Roasting Pumpkins for Recipes

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Roasting Pumpkins for Recipes

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Every fall and winter, my family roasts pumpkins, preparing them to be stored for later use.  Roasting your own provides you with a pumpkin mash that is sweet enough to eat as it is, but also retains all the goodness found in the original fruit.

I’ve noticed this year, baby sugar pumpkins are available later in the year than usual, and are going for a pretty low price of about $.25 each.  That makes this a great time to get a bunch of these sweet little beauties and make a lot of things out of them! But, I’ve found that a lot of people have no idea what to do with them.  So, here’s a primer on how to get them ready, roasted, and stored!

When picking out your pumpkins, choose pumpkins that are uniformly round, bright in color, and firm.  You can cut out soft spots without changing the final product if necessary, as sometimes you get a better deal on the fruit.  Avoid moldy ones though.  If there’s mold on the outside, you’ve probably got mold on the inside.  Ick!

Roasting Pumpkins for Recipes

Roasting Pumpkins for Recipes


  • Pumpkins, sugar baby (each pumpkin will produce around 2 cups of pumpkin mash)


  1. Heat oven to 425 degrees F.
  2. Wash the pumpkins well and dry them.
  3. With a sharp knife, or pumpkin "saw" from Halloween, cut the pumpkins in half, knocking off the stem. Scoop out the seeds and goopy strings, leaving the bright orange flesh intact. (Save the seeds! I'll be posting a great recipe for those later this week!) Place cut side down on an ungreased baking or cookie sheet. Place in the oven and back until flesh is soft when pierced with a fork.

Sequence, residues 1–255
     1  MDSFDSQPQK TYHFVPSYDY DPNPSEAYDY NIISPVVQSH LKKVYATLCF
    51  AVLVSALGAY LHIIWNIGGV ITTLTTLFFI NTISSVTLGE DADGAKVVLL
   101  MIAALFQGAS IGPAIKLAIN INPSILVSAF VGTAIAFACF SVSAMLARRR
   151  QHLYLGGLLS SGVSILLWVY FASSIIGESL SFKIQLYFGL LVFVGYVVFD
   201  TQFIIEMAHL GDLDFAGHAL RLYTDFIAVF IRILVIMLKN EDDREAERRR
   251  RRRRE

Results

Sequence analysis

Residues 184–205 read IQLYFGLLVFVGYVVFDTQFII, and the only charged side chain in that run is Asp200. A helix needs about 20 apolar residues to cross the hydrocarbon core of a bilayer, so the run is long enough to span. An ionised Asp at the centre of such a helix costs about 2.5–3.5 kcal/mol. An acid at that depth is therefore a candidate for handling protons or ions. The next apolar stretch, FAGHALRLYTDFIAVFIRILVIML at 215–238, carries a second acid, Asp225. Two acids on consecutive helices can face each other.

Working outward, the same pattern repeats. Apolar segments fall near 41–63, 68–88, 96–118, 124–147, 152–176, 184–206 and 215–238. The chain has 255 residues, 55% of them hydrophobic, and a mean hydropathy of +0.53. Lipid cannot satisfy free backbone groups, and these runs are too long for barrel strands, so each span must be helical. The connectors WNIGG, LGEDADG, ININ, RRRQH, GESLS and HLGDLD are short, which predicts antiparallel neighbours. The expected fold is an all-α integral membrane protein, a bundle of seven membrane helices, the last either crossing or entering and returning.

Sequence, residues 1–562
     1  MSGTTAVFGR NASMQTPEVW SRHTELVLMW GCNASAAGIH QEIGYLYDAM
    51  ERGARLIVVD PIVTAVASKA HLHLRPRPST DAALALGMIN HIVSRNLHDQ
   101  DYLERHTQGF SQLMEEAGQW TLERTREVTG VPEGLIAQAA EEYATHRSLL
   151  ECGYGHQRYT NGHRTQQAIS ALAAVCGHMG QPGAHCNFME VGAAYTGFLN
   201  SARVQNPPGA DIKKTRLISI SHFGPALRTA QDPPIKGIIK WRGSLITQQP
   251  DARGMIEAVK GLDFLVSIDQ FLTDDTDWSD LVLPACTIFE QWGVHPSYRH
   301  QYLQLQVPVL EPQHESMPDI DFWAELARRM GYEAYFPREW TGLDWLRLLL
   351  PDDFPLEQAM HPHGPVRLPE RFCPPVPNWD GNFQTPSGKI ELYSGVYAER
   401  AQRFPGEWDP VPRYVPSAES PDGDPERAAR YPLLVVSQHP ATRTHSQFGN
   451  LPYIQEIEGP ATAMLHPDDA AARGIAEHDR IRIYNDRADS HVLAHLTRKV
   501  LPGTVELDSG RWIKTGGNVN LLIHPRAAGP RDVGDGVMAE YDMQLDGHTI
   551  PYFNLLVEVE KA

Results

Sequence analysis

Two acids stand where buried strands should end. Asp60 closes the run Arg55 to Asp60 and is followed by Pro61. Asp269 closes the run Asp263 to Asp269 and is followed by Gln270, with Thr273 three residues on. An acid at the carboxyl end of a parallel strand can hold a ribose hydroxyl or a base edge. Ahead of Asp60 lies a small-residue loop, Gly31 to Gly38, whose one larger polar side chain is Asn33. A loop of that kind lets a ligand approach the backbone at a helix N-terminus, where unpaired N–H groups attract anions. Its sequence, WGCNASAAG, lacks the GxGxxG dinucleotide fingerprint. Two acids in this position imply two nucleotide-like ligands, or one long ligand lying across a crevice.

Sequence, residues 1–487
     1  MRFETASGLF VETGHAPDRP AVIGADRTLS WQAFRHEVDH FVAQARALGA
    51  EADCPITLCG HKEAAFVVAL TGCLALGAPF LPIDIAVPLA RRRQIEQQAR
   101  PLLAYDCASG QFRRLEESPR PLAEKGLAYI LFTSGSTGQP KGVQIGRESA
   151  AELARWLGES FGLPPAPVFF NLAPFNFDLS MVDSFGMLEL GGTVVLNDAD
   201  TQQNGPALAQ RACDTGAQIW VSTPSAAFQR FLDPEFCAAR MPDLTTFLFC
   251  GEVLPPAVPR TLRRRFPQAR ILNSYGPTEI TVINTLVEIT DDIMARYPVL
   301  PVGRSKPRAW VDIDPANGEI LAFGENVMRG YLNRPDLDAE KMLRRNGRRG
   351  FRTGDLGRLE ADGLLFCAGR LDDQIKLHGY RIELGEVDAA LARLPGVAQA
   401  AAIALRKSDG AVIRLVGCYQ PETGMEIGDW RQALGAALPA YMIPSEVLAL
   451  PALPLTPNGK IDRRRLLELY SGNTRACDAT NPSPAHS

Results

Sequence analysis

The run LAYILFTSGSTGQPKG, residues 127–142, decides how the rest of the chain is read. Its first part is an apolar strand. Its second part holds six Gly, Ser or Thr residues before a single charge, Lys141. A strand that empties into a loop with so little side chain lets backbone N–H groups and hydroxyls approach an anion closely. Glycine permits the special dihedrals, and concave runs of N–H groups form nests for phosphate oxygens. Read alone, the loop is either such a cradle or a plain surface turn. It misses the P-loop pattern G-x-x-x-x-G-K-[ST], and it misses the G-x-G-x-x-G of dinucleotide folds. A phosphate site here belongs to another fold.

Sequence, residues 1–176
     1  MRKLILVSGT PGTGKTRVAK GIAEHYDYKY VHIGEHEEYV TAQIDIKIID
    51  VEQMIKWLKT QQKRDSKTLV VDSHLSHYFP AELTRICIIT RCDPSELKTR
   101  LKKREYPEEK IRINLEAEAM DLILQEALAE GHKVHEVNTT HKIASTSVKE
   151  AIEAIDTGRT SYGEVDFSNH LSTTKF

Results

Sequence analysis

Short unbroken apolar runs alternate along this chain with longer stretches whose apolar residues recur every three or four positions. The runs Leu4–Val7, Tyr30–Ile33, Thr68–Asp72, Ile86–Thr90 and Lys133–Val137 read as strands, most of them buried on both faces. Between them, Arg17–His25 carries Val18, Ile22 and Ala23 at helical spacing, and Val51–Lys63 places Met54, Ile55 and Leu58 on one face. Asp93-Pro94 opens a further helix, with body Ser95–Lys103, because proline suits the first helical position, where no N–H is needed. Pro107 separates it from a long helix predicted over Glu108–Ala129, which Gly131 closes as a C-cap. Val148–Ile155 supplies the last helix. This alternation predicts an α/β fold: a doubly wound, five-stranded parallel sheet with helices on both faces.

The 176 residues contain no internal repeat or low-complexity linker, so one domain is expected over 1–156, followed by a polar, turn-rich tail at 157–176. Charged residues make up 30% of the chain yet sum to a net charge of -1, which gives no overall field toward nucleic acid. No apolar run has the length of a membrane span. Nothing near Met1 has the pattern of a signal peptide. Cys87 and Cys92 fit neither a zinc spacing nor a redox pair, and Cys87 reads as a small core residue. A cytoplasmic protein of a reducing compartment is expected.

4. Let cool. (This is very important. Handling hot pumpkins can cause some pretty painful burns, trust me!)
  5. When cool enough to handle, carefully scoop out the flesh into a blender or food processor. Pulse in small batches until smooth. If you don't have a blender or processor, I've mashed with a potato masher or hand mixer as well. The end result isn't quite as smooth, but is just as tasty!
  6. You can now use the pumpkin in your favorite recipes, or, freeze in zippy bags or can. I freeze in 2 cup increments, as most of my recipes call for 2 cups of mashed pumpkin. If canning, since pumpkin has a low acidity, pressure canning is recommended. Follow the instructions of your canner for best results.

How easy is that?  My family hates canned pumpkin from the store now, and I know they are getting the best pumpkins I can buy when I do it myself.  What are your favorite pumpkin recipes?  I’ll be posting some this week for you to try!

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  1. Nicole S says

    lol, this unfortunately wouldn’t have worked for me this year. we bought a 100 lb pumpkin. ;-) I still have about 10 bags of 30oz of pumpkin in my freezer!

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